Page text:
Innovative Technologies Could Reduce Nuclear Reactor Production Costs by 40%; Commercialization Possible in the Next Decade
When David Gandy envisions the future of nuclear power, he sees reactors being made in a similar way as automobiles. “Our goal is to get to a point where reactors can be produced on an assembly line in a factory,” said Gandy, who is an EPRI senior technical executive. “Steel or other raw materials come in one end and out comes a reactor on the other end.”
Since 2016, Gandy has been working toward this vision. With the support and sponsorship of the U.S. Department of Energy (DOE), EPRI is investigating advanced manufacturing and fabrication technologies with potential to dramatically reduce the time and costs required to build a nuclear plant’s reactor pressure vessel. Gandy expects that welding time can be reduced by up to 90%—and that overall costs can be cut by 40%.
Researchers are testing the technologies for constructing small modular reactors (SMRs). Collaborators include the United Kingdom–based Nuclear Advanced Manufacturing Research Center (Nuclear AMRC) and Oregon-based reactor manufacturer NuScale Power. The work focuses on producing the upper and lower assemblies of the reactor pressure vessel of NuScale’s 60-megawatt SMR.
One technology under investigation is powder metallurgy/hot isostatic pressing, which involves atomizing metal alloys into a powder, placing the powder into a metal mold, and using high temperatures and pressures to consolidate the powder into solid components.
Relative to traditional forging, this process produces near net shape parts with much less material wasted during machining. Production of components can be accomplished in as little as four to six months—just a fraction of the two to five years often required with forging.
The team has successfully produced a 3,650-pound reactor head at 44% scale with good strength and dimensional quality, which means that the size of the components doesn’t change during production. The team has produced components as heavy as 7,000 pounds.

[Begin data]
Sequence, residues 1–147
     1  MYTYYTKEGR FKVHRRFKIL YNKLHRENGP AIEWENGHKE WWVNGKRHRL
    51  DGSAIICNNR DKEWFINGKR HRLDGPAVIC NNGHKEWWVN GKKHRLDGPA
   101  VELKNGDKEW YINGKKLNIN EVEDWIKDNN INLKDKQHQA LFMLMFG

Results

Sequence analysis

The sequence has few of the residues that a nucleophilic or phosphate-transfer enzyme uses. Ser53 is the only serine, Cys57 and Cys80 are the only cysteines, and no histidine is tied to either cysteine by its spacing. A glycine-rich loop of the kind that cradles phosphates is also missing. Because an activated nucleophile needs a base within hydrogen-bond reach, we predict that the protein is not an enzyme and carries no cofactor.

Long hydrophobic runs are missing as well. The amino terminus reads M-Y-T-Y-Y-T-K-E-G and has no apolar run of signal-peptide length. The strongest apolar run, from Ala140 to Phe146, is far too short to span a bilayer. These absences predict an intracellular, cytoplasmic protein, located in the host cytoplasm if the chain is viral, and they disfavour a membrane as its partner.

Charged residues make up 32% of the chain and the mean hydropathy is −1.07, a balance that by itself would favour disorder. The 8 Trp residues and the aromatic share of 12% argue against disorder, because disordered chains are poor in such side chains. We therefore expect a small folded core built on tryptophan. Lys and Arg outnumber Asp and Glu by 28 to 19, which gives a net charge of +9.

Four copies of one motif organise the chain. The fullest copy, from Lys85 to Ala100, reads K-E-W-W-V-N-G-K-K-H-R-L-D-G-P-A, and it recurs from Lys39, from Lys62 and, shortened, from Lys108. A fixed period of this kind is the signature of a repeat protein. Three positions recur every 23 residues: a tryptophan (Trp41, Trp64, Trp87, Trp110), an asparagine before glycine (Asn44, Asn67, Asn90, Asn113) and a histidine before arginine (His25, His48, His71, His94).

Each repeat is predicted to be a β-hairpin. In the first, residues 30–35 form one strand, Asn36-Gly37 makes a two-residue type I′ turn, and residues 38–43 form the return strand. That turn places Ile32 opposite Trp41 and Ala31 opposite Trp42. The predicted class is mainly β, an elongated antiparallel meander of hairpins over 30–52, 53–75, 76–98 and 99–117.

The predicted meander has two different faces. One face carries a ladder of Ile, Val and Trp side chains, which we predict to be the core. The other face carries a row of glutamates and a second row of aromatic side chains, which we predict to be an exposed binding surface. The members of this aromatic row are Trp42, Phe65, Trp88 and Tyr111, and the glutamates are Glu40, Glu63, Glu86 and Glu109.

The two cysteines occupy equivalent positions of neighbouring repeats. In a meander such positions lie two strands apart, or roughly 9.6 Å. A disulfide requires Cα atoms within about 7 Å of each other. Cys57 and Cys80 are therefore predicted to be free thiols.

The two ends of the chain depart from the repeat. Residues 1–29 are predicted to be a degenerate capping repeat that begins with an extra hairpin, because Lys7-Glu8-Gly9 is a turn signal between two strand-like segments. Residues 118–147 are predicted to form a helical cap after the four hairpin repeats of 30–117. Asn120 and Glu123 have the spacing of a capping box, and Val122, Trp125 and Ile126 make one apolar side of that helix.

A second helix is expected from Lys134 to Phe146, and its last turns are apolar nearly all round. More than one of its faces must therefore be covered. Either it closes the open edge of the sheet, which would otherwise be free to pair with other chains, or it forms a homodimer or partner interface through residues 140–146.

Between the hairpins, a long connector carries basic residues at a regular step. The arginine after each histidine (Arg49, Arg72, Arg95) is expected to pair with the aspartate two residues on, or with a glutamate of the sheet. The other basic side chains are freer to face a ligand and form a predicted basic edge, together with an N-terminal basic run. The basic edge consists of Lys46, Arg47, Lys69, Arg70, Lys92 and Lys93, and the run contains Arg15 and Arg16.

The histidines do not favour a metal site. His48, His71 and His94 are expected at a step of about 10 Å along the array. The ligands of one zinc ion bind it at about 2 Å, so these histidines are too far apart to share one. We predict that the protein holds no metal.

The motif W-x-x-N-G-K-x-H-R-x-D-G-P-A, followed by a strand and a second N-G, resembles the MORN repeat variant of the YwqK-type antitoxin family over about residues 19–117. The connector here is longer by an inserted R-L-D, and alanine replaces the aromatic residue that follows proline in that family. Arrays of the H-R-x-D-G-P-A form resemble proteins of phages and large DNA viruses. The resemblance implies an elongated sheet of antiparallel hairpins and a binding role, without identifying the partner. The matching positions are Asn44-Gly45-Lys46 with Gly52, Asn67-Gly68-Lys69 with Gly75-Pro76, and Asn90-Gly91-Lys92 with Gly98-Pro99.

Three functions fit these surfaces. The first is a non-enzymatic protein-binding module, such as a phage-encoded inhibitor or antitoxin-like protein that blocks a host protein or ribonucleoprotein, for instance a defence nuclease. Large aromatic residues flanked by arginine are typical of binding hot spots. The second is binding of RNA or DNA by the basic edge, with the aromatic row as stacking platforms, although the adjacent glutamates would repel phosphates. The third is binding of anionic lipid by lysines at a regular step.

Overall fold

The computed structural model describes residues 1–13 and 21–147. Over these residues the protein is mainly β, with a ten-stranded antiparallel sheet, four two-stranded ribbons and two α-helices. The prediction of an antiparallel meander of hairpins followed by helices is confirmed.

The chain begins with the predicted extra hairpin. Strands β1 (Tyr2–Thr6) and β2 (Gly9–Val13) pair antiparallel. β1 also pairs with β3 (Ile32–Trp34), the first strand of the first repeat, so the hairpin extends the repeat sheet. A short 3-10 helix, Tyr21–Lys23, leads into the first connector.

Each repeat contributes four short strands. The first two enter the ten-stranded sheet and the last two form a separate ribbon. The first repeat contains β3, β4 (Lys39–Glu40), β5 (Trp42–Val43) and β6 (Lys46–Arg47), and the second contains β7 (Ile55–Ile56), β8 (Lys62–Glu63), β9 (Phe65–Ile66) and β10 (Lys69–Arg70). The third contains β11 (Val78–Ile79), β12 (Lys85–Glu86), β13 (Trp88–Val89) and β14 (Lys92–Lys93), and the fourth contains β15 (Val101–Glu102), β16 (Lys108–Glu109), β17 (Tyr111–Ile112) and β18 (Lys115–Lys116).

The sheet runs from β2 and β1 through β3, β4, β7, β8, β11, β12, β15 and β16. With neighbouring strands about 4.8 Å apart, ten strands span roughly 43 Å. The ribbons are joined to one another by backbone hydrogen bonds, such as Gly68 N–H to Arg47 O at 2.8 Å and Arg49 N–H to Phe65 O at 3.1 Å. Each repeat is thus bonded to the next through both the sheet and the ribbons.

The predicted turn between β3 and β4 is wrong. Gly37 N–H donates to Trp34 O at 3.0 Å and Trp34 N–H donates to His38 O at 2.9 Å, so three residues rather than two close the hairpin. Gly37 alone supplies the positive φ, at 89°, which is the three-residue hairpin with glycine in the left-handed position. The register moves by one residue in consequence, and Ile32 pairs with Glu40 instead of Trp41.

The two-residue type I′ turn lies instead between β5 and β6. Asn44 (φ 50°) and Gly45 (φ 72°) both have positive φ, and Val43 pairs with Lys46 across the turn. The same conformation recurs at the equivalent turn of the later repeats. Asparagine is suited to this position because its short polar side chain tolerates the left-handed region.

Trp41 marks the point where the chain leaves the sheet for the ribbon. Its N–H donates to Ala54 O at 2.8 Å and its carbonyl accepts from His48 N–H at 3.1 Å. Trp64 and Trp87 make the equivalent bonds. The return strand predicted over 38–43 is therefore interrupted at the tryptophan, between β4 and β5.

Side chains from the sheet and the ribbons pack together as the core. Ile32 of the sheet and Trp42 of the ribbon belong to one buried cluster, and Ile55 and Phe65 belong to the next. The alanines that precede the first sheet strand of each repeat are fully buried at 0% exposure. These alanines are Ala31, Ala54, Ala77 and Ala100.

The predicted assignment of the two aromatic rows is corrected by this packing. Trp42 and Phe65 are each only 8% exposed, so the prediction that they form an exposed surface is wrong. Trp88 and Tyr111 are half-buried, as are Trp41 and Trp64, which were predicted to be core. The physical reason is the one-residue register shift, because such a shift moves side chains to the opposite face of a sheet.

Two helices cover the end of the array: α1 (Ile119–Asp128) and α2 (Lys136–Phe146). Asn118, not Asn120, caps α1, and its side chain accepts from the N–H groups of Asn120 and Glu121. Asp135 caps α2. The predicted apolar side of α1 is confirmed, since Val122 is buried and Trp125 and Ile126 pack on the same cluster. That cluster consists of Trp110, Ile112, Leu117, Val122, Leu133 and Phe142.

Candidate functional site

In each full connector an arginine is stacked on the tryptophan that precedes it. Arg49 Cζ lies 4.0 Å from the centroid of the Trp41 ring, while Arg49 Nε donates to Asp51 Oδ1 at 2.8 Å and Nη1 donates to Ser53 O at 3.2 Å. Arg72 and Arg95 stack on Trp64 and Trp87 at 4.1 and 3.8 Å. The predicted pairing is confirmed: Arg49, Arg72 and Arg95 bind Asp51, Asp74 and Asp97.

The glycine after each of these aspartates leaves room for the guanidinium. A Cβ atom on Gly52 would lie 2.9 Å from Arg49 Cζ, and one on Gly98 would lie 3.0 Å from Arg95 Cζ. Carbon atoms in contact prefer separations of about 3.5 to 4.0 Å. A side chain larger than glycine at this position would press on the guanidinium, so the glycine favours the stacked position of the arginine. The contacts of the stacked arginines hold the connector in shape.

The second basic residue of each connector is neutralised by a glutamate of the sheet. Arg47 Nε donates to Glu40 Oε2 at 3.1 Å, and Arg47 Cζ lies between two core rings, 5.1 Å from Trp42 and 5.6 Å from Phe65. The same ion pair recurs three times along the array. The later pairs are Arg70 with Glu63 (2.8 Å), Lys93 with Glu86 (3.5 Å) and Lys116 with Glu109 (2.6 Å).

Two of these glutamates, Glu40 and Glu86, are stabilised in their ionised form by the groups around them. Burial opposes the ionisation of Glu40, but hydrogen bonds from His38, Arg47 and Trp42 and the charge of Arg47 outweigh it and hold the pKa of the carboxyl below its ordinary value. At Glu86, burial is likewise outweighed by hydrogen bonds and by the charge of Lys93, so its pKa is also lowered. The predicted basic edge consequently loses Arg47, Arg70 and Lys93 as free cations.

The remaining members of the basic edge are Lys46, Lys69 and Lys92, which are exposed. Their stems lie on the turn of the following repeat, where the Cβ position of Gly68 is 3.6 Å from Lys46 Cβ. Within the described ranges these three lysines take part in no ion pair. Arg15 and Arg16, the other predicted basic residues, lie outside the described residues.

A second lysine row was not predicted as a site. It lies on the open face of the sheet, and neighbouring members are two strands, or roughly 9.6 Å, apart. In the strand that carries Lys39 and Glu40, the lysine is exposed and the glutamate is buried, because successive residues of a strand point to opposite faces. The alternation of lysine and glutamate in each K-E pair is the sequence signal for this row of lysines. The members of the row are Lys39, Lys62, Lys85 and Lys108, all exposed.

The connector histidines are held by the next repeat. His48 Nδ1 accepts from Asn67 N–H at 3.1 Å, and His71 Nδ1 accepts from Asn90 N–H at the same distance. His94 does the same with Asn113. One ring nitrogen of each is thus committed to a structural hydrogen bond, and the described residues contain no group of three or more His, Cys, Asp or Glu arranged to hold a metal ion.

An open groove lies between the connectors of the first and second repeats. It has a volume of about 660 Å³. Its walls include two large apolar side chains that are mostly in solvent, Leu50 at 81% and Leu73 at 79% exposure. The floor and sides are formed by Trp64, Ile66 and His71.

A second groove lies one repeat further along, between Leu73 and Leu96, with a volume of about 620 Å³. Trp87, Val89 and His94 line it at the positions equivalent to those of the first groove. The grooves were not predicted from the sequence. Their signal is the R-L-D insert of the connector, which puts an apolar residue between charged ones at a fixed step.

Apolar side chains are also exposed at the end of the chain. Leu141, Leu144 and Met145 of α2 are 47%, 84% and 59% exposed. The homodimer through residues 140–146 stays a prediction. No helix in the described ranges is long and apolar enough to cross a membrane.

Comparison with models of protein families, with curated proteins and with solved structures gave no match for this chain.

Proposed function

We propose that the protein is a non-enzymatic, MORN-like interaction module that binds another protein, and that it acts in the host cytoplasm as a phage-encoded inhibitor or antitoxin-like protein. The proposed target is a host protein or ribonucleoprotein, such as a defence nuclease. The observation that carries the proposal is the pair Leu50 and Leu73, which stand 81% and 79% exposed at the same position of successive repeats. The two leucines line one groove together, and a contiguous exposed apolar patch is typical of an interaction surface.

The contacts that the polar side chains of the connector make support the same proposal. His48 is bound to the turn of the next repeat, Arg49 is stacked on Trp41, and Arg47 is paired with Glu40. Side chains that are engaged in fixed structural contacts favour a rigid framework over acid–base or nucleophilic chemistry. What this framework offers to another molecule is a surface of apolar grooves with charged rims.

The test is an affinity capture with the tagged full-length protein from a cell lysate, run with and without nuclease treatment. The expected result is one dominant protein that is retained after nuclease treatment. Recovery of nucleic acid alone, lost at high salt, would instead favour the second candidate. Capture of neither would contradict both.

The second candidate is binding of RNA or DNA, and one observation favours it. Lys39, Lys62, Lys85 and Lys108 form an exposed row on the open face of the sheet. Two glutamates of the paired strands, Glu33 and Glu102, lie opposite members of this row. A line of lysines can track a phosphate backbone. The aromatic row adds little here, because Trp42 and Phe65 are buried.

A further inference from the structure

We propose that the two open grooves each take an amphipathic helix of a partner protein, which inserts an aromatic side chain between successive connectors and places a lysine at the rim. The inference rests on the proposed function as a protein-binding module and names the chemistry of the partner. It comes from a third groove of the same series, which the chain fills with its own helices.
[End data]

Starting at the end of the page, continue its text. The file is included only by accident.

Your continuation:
Fabrication has required addressing challenges associated with oxygen absorption. “When fine powder absorbs oxygen, the oxygen can react with silicon and manganese to form oxides, which reduces the toughness of the components,” said Gandy. “Working together with DOE and our collaborators, we have developed new processing methods to create components with excellent toughness and tensile strength.”
Researchers also are investigating electron beam welding, which fuses two sections of metal by focusing a high-intensity energy beam on the junction. The process occurs in a vacuum chamber. Unlike traditional welding, it does not require the use of filler material and can be completed in one pass.
Nuclear AMRC has demonstrated for two-thirds-scale SMR components that electron beam welding can be completed much faster than traditional welding.
“These welds are about 4-3/8 inches thick, and we demonstrated that you can complete a weld in one pass of the beam in 47 minutes,” said Matthew Cusworth, who manages welding and materials engineering at Nuclear AMRC. “By comparison, traditional welding can take days, weeks, or months for one weld.”
The goal is to complete a 10-foot diameter weld in about 90 minutes, which Gandy believes can be achieved. That would reduce total welding time for an SMR by up to 90%. If electron beam welding—coupled with an appropriate heat treatment—can produce components with uniform microstructures and material properties, it might eliminate the need for in-service inspections, which could save millions of dollars over the life of a nuclear power plant.
Next Steps: Building and Welding Larger Components
Over the next two years, researchers will use electron beam welding to join two-thirds-scale reactor components, some fabricated using conventional forging and others with powder metallurgy and hot isostatic pressing.
If successful, EPRI plans to transfer the technologies to other reactor manufacturers. Gandy believes that manufacturers could be able to use powder metallurgy and electron beam welding in about seven years, though the timeline depends on approvals from the U.S. Nuclear Regulatory Commission and ASME.
In a new project, also supported by DOE, researchers plan to use electron beam welding to assemble a full-size reactor pressure vessel. A primary challenge is to overcome the need to construct a 40-foot-plus long vacuum chamber necessary to accommodate the 35-foot-long vessel. This would be cost-prohibitive.
In previous research, a much smaller vacuum chamber has been sufficient to fit the relatively small reactor assemblies. “The chamber is large enough to easily assemble 6-foot-diameter components inside,” said Gandy. “But it’s not large enough for full-scale reactor vessel components, which are about 10 feet in diameter.”
As an alternative to the large vacuum chamber, researchers are testing a new modular approach: As the vessel’s components are stacked and welded together, modular vacuum chamber sections are moved or added to enclose each weld, making the process significantly faster and cheaper.
“Applied together, these new manufacturing and fabrication technologies could be game changers for manufacturing nuclear plant components,” said Gandy.
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